Last night I picked up and finished Act I of Kentucky Route Zero by Cardboard Computer, and just about every inch of its design satisfies my current appetite in video games.
Aesthetically, it’s a stunning game that reminds me of the stylistic work seen in both Team Fortress 2 and Limbo. It utilizes sharp lighting, silhouettes and limited color palettes to tell most of the story, while exaggerated geometry adds even more character to its society. It also manages to reference other forms of art, such as poetry and theatre, without interrupting itself as a game.
Most of the play is rooted in sharing stories and developing relationships, and it gives the player dialogue choices that help them shape facets of a character’s identity. The audio and music feel composed to the game’s own pace, which helps generate some momentum in such a steady experience, but they also loads of atmosphere to each scene.
Lastly, the setting is one shrouded in mystery and begging discovery. There’s already a rich lore established within the first couple hours I spent searching for Kentucky Route Zero, and I can’t wait to see how the rest of the series play with it.
Kentucky Route Zero is only one episode in right now, but I definitely recommend it to anyone interested in moody adventure games heavy on intimate storytelling, theatre plays and/or American folklore. This first act is a short but sweet introduction to your quest for the hidden highway beneath Kentucky, and the haunting nature of its production values are worth it.
Also, for any Steam users out there, the game is set to release on Steam in the not-to-distant future as result of it being among this year’s finalists in the Independent Games Festival (IGF). Its Steam Greenlight page notes that they’ll provide buyers with a Steam Key for linking the game to your account when it’s available on the store, even if you bought it from them directly (link below).
Kentucky Route Zero, Act I runs on both PC and Mac, and your purchase comes with both versions. I dove in for the $25 pass for future episodes (there will be four more), which also came with the soundtrack. After hearing the first measures of music in-game, it made me quite happy about making the extra investment up-front.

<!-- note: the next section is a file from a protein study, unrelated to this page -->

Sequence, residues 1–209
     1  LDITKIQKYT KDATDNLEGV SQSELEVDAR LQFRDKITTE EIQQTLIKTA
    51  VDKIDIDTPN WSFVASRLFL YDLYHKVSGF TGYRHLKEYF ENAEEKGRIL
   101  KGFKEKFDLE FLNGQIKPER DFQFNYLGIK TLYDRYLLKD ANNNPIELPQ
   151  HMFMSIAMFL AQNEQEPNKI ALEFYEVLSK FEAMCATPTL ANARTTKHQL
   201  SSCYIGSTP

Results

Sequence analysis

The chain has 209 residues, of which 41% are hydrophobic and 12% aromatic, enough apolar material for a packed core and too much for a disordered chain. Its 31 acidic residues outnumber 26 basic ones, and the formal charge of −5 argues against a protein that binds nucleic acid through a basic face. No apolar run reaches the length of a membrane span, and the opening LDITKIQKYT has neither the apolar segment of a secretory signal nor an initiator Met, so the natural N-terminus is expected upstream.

Get en route at: kentuckyroutezero.com.
Finally, in addition to blogging more, I’ve been meaning to extend my interest in video games back into podcasting when I can.
In a wrap to my recent Playlist 2012 series, the old crew and I from The Cleveland Institute of Art’s first game design program reunited to discuss the big topics and our favorite gaming experiences of 2012. It was a blast talking with everyone as a full group for the first time since we all graduated over two years ago. I hope you’ll enjoy our lengthy first episode, which will be available here tomorrow morning. There’s no long term schedule for the podcast, but following the initial 2012 round-table are plans to do a one-and-one about the layers to Kentucky Route Zero‘s debut act.
To me, the best part about being a gamer is the enthusiastic banter that comes from sharing experiences with another. My goal for the new podcast is pretty simple: it’s about sitting down with a friend and talking about a game they’re playing, analyzing and learning more about it. For as social the internet has become, nothing beats a chat with close friends.